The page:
Sunday, February 4, 2018

#2059 "Singleton Sunset Reflection"

From Thursday January 18th, 2018 in the Singleton Studio in front of a cheery fire in the wood stove...

The sunset at 5:45 pm on Saturday January 13th, 2018 was striking but what caught my eye was the very long line of cirrus. I admit that at first I thought it was a jet contrail. It was not. Firstly that would be a very unusual flight path for a jet from the northwest to the southeast. That line in the sky was actually a deformation zone. The cirrostratus on the western horizon was moisture with the next warm conveyor belt. Another winter storm was on the way and the story was reflected in the open water of Jim Day Rapids. The milder temperatures had opened up the rapids a bit more.
The sunset colours change at the speed of light. When those shades are gone with twilight they will not be back for almost 24 hours. The colours of ice are even more transient. Shades of blue and tourquoise come and go with the low sun angles. These ice hues are in sharp contrast to the brilliant reflections of the sunset in the calm waters of Jim Day Rapids. In some ways it is a shame to put all of this on a panel so small and rough. I used a lot of paint and wore out some brushes.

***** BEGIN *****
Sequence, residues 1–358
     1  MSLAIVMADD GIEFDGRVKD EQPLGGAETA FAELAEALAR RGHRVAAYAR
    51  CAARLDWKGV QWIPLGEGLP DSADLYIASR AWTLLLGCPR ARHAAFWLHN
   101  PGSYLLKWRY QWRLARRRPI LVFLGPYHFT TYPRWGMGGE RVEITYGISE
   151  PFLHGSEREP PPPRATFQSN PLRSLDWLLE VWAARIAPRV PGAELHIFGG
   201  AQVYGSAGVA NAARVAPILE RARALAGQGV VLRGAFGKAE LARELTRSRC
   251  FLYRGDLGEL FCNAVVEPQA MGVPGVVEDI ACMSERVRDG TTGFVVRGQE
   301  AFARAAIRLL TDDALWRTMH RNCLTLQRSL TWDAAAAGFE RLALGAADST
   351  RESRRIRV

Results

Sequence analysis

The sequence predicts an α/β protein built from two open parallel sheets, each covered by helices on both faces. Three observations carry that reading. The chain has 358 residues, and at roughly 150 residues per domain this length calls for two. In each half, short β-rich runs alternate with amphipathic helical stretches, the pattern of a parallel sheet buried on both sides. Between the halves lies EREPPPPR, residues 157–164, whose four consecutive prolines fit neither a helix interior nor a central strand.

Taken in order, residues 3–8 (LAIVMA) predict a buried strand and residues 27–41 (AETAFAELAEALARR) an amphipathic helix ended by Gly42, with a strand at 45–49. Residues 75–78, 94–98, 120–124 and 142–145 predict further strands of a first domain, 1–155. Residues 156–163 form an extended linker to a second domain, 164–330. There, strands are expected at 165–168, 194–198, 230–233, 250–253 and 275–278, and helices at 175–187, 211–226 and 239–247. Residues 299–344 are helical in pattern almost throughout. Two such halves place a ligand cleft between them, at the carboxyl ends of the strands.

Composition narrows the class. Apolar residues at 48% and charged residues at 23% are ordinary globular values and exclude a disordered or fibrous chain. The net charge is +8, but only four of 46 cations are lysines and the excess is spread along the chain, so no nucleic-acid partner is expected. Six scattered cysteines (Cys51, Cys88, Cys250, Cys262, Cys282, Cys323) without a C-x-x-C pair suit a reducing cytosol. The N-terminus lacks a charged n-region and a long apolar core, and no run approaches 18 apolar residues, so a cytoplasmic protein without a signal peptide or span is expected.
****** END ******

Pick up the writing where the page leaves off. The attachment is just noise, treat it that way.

Winter wild life made good use of the opening. The otters seemed to think of it as their own. We watched them chase some trumpeter swans away. The swans returned to feed and rest so the wild life must have worked out some mutual agreement. In the one image below the otter was nipping at the webbed feet of the swans as they beat their wings just enough to gain the safety of the ice shelf. In the following image the otter had poked its head up through one of the many holes in the ice and was surveying the presence of the swans after it had chased them out of the open pool of the rapids.

There are many holes in the Swiss cheese ice of the eastern basin of Singleton Lake. The otters seem to go up and down at will and almost anywhere. They are very proficeinet hunters of the fish. Perhpas the fish are more sluggish in the winter. Regardless the otters seems to score another meal with each dive.

The swans a a couple of flocks of blacks and mallards have also been making good use of the open water of Jim Day Rapids during this cold La Nina winter. The otters typically try to shoo them along but they always come back to feed and rest.
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